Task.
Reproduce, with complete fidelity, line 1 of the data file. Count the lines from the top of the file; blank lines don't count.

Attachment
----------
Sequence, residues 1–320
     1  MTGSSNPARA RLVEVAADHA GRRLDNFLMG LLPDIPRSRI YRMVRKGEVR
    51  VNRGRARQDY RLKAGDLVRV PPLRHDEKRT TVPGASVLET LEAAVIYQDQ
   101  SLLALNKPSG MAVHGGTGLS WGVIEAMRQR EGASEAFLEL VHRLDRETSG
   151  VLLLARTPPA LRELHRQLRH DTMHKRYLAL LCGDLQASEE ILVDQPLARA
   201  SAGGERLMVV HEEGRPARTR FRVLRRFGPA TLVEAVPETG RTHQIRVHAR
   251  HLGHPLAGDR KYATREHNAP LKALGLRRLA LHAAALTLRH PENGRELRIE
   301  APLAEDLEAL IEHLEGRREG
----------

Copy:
Sequence, residues 1–320